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jeffolie

OT Reversal of Research in Energy Technology...


In fiscal 2006, Congress cut the Department of Energy's budget for all renewable energy programs by more than 35 percent. As a result, DOE, which funds NREL as well as other national labs, has cut the total amount it will give the lab in Golden. NREL does research in wind, biomass, solar and hydrogen technologies.
"We are going to face a very difficult year at NREL," said Bob Noun, NREL's deputy associate director. "This is a real paradox.

jeffolie

Broadband without electricity - no way

People Power

The major impediments to economic growth in India are in the infrastructure sector, where one finds glaring shortcomings in the state of roads, ports, electricity, and the like. There is also a crying need to improve the social infrastructure, such as the country’s education and health facilities.

Per capita consumption of electricity in India is 1/20th of per capita consumption of electricity in the United States. Over half of India’s nearly 200 million households do not have electricity. Around 70 percent rely on traditional, non-commercial fuel such as firewood, cow-dung cakes, and other agricultural waste to cook their food. Most Indians experience power outages as routine blackouts, either for a few hours every day or for days at a time.

GK

Check out what the rate of improvement in electricity distribution is...

Plus, even if 30% don't have electricity in India, there are still 69% of the population that do have electricity but no broadband. Those are the ones who will rapidly see BB available to them over the next 7 years.

alzaebo

A new trend in India is the use of "phone ladies".

They get a cell phone thru microloan programs, and provide phone service to the local village(s).

Better for the farmer to pay her for the call, than to take a daylong train ride to the city, where the brokers would still lie about the price of cotton.

alzaebo

also available thru microloans- a solar strip charger or an old car battery and a charger

Eric

That is absolutely not true! There will still be over the air TV signals. They will only change form. Rabit ears will still be required to get local digital TV signals. Do the research.

gaiaonline gold

A new trend in India is the use of "phone ladies".

They get a cell phone thru microloan programs, and provide phone service to the local village(s).

Better for the farmer to pay her for the call, than to take a daylong train ride to the city, where the brokers would still lie about the price of cotton.

aion kinah

That is absolutely not true! There will still be over the air TV signals. They will only change form. Rabit ears will still be required to get local digital TV signals. Do the research.

Anderson

Hey,
Thanks! Great post you have written on "The End of Rabbit Ears, a Billion more Broadband users". Really I can say that your post is very informative, I'll come across your blog again when you will update it with new.
Thanks,
Anderson
http://www.mobilemark.com/

Geoman

"Prediction : By 2013, Asia and Latin America will jointly have 900 million people exclusively subscribing to wireless broadband services through cellphone-like devices, enjoying speeds of 5 Mbps or more. 80% of these people have no Internet access, not even dial-up, today"

It is 2019 - 4.3 billion people use the internet. That is 56.3 percent of the world’s population, and a 1,104% growth rate since 2000. Global average internet speed is 17.5 Mbps. So the speed goal has definitely been achieved.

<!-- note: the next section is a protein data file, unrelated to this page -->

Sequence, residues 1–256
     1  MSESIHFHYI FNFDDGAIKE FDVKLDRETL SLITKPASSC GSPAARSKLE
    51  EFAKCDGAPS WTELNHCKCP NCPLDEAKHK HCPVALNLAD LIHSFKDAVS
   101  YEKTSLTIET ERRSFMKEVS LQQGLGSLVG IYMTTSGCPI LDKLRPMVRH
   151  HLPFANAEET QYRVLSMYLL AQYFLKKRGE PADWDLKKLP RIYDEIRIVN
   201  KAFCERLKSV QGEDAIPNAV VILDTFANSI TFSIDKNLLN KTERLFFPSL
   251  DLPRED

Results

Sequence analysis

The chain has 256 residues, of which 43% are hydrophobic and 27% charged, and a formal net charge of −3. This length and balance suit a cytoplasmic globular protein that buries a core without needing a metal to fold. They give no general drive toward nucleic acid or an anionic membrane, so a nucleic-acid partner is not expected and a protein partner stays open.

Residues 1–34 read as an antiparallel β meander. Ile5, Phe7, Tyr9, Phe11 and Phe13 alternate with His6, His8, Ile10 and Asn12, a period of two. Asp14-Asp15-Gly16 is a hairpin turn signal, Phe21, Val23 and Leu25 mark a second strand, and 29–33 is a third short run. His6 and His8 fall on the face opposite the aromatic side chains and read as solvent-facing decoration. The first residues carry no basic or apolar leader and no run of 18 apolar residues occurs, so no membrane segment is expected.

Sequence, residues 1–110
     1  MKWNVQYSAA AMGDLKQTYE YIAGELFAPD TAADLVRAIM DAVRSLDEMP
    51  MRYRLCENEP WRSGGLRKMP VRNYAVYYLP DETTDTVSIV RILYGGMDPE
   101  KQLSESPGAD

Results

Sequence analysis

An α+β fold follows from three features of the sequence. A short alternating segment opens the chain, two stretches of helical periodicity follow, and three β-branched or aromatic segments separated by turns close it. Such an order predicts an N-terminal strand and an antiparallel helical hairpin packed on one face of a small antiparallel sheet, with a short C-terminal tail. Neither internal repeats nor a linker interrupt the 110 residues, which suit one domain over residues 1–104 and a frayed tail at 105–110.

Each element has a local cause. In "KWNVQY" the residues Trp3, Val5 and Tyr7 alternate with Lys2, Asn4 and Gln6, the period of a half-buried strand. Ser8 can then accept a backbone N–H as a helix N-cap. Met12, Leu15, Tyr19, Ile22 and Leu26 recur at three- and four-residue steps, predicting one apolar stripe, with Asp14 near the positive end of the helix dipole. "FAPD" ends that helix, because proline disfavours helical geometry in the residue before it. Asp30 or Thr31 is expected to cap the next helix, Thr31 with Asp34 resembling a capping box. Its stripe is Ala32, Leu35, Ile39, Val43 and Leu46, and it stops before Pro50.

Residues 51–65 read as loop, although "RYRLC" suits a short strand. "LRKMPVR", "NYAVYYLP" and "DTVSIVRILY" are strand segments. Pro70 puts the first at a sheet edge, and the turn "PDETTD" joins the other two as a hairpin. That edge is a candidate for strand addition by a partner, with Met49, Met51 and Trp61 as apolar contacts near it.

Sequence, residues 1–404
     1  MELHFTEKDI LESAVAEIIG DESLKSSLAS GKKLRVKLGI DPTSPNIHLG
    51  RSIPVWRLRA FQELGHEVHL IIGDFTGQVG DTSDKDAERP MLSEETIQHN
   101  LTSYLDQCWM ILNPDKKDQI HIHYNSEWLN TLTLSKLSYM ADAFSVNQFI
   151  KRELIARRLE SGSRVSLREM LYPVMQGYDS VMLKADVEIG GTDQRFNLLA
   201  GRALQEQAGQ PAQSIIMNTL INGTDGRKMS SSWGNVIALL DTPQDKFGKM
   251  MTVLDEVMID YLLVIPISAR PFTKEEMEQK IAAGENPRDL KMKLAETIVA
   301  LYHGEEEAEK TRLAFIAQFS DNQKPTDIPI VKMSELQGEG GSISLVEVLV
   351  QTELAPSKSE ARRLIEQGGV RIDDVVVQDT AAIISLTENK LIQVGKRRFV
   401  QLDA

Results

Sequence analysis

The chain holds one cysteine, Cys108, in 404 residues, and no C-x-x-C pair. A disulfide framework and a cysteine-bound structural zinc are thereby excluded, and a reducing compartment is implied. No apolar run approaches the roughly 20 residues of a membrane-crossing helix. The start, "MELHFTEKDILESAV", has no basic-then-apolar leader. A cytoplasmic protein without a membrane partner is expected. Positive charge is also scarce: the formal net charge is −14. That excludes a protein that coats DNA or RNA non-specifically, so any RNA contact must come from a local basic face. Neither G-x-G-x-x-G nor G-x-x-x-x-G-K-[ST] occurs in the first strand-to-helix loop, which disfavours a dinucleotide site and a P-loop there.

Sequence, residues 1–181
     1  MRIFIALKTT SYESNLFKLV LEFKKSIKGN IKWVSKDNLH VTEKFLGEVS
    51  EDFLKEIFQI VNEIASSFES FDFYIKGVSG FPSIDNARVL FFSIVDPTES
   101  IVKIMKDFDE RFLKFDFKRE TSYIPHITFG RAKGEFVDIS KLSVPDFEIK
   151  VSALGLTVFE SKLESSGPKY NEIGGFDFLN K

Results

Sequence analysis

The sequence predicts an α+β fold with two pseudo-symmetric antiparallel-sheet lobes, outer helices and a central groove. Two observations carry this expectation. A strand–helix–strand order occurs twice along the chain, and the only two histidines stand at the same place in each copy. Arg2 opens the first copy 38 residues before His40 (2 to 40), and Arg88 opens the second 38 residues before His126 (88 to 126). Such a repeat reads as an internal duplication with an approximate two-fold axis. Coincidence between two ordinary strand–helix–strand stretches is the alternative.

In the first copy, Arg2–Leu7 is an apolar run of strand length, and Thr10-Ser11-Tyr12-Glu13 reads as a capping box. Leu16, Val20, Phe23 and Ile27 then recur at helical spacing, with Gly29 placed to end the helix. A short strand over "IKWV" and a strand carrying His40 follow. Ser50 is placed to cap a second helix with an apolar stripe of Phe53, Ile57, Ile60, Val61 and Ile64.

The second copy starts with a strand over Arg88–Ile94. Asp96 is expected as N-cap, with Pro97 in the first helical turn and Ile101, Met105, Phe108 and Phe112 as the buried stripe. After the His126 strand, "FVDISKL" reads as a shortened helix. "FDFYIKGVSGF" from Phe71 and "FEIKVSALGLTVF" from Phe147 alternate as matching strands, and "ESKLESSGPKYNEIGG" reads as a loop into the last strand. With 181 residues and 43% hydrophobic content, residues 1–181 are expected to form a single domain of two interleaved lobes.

The average smartphone connection in Asia-Pacific now uses around 1Gb of data per month. China has the highest number of internet users in the world, with over 746 million users. India has the world's second highest number of internet users, with 699 million users connected.

China has 378 million broadband subscriptions. Japan 40 million. Korea 21 million, India 17 million. Brazil 28 million. Argentina 8 million, Columbia 6 million. Add them all up and I don't think we get to 900 million. More like 600 million. Still a huge number, from virtually zero in 2006. No doubt 900 million is just a few years away.

By the way - this is changing so fast that even statistics 1-2 years old are incorrect and off by millions. I could be wrong here.

Kartik Gada

Hello Geoman,

China has 378 million broadband subscriptions. Japan 40 million. Korea 21 million, India 17 million. Brazil 28 million. Argentina 8 million, Columbia 6 million. Add them all up and I don't think we get to 900 million.

Those numbers are for landline only.

The article focuses on mobile, since that was expected to grow much faster in places where there was never a suitable wired infrastructure. India has only 17-30 million landline broadband subscriptions, but over 400 million wireless broadband subscriptions (a classic leapfrogging).

See here for landline vs. mobile compared side-by-side (even as only a portion of mobile are broadband) :

https://en.wikipedia.org/wiki/List_of_countries_by_number_of_broadband_Internet_subscriptions

Here is the smartphone list :

https://en.wikipedia.org/wiki/List_of_countries_by_smartphone_penetration

See here :

https://qz.com/india/1512867/reliance-jios-cheap-data-is-killing-broadband-internet-in-india/

"Despite the slowing growth, India’s broadband subscriber base did breach the 500 million milestone in 2018. "

Kartik Gada

Geoman,

Actually, here is the roll-up of total mobile broadband subscribers :

https://www.statista.com/statistics/273016/number-of-mobile-broadband-subscriptions-worldwide-since-2007/

2013 had almost 2 billion worldwide, so Asia + LatAm comprising over 900m out of that is a certainty.

The scalability advantage of mobile was always going to be a factor in its rapid diffusion over landlines, under ATOM principles.

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